Spring: Is It Ever Gonna Get Here?


| 5/4/2011 12:16:55 PM


Tags: Spring, American Spicebush, Mayapples, Violets, Norway Maple, Marsh Marigolds, Common Mullein, Cindy Murphy,

CindyMurphyBlog.jpgGRIT  blogs have been alive with spring posts lately.  Stories of inspiration, poems, beautiful photos of beautiful plants, and lots of springtime projects.  It is spring, after-all! 

But to tell the truth, I haven’t been in much of a springtime mood.  I’ve never been an aficionado of spring, particularly early in the season.  Why is it twenty degrees and two feet of snow in December always feels warmer than forty degrees and rain in April?  It just takes me a while to warm up to spring … and this year, spring has taken its sweet old time coming.  Day after day of nonstop rain, and temperatures in the 30s and 40s prolonged my agony.  I knew things were happening out there – buds on the trees beginning to swell, the grass changing from tan to green, and perennials springing back to life – but I couldn’t bring myself to get out in the yard.  After coming home from work at the nursery cold, wet, and dirty, the last thing I wanted to do was remain cold, wet, and dirty working in my own gardens. 

Chionadoxa 

The chionadoxa, one of the earliest bulbs to bloom, was in full swing mid-April.  ‘Glory of the Snow,’ it’s called, and it seemed aptly named this year.  Soon after I noticed it flowering, I woke up one morning to this:  

MidApril Snow 

Though it melted quickly, it seemed spring would never arrive.  A few days later, driving down a country road, I saw a most welcomed sight after all this wintry weather.  In a spectacular display designed by Mother Nature, the entire understory of a swampy woods was lit by lemon-yellow flowers of American Spicebush (Lindera benzoin).  Beneath them, the ground was covered with darker yellow marsh marigolds.  There is nothing like nature to give inspiration.  The scene made me feel compelled to dive into working in the yard again … a nice batch of marsh marigolds had just arrived at the nursery, some of which I was sure would look lovely at home.  In the least, nature’s display prompted me to get out and see what’s going on in my gardens.    

Nadya
8/30/2011 3:18:14 AM

Our spring (& Summer) were also s-l-o-w on the uptake! Now it's been HOT ... & I'm working on fall plantings. That book sounds delightful! My mom always battled Mullein on the E side of the Oregon Cascades, & as a kid she had me pulling them or what she called "milkweed" (salsify - Tragopogon). Then along came my botanist (now X) hubby, telling us that BOTH those were 'really' herbs! & quite desirable! She said we were welcome to all we wanted! On that side of the mtns the species is yellow flowered. A Forest Service piece says: "According to a review by Clements and others, yellow salsify was introduced to North America as a garden plant in the early 1900s. Spread was likely from east to west, as this is was the pattern in the Pacific Northwest." I collected seed this year from a purple Salsify a few blocks from here, & also have a packet of seed ... little 'dandelion' fluffs. One of my NW garden books suggests a planting of carrots & salsify after garlic - so that's what I planted today. I have a lovely mullein from an herbalist friend (Greek? It's a variety that branches) & let several plants grow each year. I've been able to transplant some to the perimeters of my back yard, & one's in a pot in front. Stately.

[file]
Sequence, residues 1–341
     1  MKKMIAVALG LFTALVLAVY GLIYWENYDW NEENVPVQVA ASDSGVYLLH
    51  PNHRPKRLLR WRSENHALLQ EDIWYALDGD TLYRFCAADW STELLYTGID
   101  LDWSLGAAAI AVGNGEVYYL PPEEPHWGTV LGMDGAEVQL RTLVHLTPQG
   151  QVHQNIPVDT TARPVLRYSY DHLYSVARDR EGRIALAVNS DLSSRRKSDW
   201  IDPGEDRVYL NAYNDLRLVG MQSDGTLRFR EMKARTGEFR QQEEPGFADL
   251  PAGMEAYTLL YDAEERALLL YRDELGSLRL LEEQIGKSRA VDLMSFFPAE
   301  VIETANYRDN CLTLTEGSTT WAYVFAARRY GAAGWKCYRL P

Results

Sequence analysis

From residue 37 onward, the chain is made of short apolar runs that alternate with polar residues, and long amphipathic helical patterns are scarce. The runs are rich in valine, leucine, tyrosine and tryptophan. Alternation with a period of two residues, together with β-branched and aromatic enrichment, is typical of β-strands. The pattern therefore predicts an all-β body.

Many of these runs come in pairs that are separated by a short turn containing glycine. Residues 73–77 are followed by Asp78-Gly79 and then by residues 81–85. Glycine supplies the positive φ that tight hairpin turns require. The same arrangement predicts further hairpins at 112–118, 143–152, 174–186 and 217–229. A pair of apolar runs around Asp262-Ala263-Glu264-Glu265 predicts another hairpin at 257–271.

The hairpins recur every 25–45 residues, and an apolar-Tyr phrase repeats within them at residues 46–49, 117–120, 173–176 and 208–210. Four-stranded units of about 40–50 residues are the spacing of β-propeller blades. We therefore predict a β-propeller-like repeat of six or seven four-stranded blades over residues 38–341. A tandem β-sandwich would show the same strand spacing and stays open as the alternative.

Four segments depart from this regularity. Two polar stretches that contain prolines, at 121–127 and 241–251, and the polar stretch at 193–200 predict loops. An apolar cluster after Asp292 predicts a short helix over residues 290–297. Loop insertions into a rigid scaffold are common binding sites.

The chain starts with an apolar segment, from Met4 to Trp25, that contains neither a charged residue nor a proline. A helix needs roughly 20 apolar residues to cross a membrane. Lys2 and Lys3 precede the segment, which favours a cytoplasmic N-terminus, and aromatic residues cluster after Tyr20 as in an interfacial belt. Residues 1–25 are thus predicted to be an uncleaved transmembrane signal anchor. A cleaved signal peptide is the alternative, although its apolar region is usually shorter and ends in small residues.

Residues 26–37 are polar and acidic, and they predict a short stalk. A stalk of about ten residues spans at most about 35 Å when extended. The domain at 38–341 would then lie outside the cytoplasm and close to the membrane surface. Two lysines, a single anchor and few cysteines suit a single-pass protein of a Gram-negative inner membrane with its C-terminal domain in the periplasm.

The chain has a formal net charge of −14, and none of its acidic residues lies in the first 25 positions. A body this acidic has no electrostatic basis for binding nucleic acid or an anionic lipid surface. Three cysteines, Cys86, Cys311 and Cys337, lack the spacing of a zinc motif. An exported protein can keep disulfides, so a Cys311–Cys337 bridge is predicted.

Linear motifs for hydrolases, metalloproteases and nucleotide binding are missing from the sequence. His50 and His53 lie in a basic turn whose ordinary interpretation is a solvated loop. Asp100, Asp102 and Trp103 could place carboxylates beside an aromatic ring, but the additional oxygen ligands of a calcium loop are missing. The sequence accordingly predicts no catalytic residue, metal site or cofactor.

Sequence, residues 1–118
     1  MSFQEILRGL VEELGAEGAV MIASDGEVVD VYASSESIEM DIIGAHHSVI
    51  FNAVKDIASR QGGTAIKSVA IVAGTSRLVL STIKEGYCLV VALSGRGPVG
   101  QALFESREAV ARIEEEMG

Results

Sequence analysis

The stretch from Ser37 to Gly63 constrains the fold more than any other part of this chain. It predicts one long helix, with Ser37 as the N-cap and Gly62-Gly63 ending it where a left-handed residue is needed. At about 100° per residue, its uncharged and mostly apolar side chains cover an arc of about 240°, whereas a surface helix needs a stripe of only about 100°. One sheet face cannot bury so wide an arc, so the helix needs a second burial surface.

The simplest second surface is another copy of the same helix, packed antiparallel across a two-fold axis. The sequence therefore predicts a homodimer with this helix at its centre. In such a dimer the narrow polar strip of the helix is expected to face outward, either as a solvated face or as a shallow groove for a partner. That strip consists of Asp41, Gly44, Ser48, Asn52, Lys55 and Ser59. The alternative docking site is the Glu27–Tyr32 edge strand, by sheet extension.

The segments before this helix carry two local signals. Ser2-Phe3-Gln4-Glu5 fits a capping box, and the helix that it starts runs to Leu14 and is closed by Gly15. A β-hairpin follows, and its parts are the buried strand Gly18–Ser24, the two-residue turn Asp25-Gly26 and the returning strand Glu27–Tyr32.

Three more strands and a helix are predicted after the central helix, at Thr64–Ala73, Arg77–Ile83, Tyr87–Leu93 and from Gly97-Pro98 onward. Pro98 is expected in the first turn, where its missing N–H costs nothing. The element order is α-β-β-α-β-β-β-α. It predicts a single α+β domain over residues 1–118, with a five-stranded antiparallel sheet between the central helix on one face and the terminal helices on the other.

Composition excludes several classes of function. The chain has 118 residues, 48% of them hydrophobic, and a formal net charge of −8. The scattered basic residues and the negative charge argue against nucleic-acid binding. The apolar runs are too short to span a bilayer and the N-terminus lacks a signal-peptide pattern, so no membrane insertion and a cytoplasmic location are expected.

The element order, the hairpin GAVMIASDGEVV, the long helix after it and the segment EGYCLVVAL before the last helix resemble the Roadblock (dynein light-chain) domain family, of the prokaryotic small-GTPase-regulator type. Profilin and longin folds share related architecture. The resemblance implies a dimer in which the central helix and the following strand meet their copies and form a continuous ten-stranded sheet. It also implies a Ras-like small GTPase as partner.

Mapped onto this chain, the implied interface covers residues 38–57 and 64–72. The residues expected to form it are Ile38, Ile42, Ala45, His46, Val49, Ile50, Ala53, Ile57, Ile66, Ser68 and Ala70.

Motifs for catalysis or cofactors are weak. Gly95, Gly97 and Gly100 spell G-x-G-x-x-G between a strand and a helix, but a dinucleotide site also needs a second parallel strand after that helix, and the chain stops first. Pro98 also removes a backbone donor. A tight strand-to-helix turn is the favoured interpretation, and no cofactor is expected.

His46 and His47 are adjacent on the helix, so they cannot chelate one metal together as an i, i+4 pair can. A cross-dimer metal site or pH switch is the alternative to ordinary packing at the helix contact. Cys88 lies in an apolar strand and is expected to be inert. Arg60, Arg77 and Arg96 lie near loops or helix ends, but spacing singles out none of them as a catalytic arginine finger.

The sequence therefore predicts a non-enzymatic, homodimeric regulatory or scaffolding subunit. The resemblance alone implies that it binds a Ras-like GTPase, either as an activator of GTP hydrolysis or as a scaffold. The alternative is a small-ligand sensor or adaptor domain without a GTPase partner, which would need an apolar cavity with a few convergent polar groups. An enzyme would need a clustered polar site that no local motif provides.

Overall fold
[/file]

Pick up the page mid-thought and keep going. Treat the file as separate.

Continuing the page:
Cindy Murphy
5/19/2011 4:52:00 AM

Thanks, Shannon and Stepper. Stepper, I never have tapped the maples, though I've often thought it'd be fun. A couple of nature centers here have sugaring days, and we've always meant to go, but something always seems to come up. It's one of those "maybe some day" things, but not high on the list of "must dos"....probably because neither Keith nor I like syrup.


Chris Davis
5/17/2011 6:37:42 PM

Wonderful pictures Cindy! You mentioned sugar maples - did you ever tap them for syrup? Alas, it's been a dry spring here. Only the weeds are growing well this year.





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